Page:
The first release of the Standard is now available, including inventory, maintenance, and Faults and conditions.

The Standard continues to be developed, with phases two and three being released in the coming months. These include supporting the complete asset management lifecycle enabling monitoring of trends, impacts, service performance, or asset condition. Targeting the right intervention at the right time. It will result in a better understanding of when and why maintenance renewal and improvement activities are needed, what different roadworks can achieve and cost, and how they should be designed and scoped to address all service defects and outcomes together for the least disruption.

AMDS will also support current and future multimodal networks and reflect the planning and design activities around that for asset management.

“The network model is the backbone to the AMDS and fundamental to the planning, management, analysis and reporting of land transport assets now and into the future. In simple terms,” says Elke Beca from WSP.

“It’s a map of interconnected lines showing where transport users can go regardless of their mode of travel,  such as walking, cycling, micro-mobility, public transport, vehicle, freight, ferry, and rail. It also shows us the restrictions they will encounter along the way like one-way roads, stairs, or road closures.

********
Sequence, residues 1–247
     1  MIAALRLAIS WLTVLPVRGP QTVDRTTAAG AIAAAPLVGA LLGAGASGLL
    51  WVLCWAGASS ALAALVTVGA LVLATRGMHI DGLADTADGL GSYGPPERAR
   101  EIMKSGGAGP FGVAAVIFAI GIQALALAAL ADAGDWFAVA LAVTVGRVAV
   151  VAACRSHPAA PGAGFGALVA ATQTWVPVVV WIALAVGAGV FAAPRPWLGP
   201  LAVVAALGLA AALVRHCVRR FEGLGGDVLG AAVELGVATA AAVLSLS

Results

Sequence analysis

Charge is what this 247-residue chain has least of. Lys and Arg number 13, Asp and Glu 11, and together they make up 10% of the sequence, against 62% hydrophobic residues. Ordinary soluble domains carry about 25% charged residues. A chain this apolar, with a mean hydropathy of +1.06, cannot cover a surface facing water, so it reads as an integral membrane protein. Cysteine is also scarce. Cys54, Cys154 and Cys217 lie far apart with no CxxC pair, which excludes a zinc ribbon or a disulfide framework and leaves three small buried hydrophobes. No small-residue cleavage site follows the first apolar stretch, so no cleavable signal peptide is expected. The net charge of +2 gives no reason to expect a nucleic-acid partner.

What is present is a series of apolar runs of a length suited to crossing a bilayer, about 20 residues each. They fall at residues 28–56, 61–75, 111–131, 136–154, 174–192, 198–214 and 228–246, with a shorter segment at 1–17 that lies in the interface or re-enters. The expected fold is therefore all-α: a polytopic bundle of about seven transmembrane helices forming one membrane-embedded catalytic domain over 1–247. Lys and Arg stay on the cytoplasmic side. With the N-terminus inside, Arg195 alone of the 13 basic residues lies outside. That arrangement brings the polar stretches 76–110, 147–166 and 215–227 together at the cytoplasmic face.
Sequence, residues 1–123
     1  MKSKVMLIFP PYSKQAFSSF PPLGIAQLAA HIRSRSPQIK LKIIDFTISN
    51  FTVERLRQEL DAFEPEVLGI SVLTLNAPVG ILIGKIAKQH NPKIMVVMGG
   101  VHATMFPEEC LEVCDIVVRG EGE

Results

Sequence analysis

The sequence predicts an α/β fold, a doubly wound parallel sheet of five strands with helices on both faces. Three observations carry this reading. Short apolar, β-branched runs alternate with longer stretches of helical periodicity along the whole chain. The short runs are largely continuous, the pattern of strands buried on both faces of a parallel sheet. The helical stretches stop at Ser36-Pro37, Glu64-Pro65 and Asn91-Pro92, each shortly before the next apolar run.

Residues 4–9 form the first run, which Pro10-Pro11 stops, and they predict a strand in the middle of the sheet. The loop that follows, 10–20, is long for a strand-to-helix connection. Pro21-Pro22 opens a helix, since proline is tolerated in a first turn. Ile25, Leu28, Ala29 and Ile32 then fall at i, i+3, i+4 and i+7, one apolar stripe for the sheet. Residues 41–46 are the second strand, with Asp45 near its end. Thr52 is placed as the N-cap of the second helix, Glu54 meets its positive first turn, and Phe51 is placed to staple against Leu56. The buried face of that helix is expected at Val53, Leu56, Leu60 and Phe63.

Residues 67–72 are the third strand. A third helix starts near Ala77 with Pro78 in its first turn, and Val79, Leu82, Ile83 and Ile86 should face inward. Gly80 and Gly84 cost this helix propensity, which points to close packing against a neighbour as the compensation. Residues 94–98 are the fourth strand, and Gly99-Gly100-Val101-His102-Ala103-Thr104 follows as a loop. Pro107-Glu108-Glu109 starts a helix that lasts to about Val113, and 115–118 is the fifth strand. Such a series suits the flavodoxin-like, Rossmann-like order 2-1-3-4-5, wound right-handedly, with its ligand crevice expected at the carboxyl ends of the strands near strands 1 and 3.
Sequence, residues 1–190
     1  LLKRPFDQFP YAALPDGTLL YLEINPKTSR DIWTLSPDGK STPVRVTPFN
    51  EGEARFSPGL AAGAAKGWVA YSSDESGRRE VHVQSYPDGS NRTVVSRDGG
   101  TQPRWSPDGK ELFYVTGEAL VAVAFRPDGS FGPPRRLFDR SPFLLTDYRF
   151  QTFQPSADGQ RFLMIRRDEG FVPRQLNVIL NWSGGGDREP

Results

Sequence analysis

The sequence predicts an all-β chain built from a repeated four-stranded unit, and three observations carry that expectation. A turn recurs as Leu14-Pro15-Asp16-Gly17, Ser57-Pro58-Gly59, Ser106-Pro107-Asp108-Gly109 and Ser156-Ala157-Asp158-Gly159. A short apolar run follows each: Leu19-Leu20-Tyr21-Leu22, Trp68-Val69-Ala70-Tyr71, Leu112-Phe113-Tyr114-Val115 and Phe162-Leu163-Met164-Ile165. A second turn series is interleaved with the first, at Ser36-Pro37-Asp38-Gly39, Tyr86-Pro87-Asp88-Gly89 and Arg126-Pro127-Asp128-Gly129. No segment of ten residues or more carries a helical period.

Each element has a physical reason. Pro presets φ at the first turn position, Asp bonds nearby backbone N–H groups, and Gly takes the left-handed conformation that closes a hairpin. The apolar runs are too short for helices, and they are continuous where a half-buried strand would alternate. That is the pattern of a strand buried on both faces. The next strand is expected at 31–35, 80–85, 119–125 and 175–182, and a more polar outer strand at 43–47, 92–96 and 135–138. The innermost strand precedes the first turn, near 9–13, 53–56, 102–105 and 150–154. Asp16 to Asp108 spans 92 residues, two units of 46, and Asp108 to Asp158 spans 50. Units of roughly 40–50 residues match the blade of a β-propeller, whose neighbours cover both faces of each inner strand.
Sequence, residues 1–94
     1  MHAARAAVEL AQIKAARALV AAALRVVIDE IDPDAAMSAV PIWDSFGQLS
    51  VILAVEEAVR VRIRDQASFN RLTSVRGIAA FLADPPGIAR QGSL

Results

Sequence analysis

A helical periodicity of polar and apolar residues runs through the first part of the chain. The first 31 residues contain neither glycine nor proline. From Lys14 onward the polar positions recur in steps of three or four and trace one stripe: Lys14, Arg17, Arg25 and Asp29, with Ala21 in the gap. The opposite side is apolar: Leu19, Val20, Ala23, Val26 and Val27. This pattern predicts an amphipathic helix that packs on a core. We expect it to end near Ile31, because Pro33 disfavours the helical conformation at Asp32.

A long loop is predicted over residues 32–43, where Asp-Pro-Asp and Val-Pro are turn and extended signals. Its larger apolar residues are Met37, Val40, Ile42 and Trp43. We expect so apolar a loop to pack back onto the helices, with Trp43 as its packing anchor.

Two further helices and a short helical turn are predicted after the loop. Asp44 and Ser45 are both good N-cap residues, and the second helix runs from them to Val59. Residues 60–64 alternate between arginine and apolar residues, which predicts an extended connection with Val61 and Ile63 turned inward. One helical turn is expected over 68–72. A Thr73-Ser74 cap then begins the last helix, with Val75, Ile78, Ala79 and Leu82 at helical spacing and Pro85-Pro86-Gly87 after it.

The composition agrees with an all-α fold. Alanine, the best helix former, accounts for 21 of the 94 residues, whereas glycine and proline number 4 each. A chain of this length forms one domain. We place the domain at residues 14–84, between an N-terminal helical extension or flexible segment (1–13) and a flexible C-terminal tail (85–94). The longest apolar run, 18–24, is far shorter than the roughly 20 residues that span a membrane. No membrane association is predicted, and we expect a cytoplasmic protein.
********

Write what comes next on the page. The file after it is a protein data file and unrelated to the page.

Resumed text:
“Essentially, the network model represents the beginning of a virtual digital twin, allowing for analytical understanding and studies on how outages, planned maintenance, and unscheduled events impact the network in terms of modes, routes, and asset desert identification. This approach represents a huge step in our digital journey, opening the door to a vastly improved understanding of our transport system, its performance, limitations, and opportunities.”

 Developed by the sector for the sector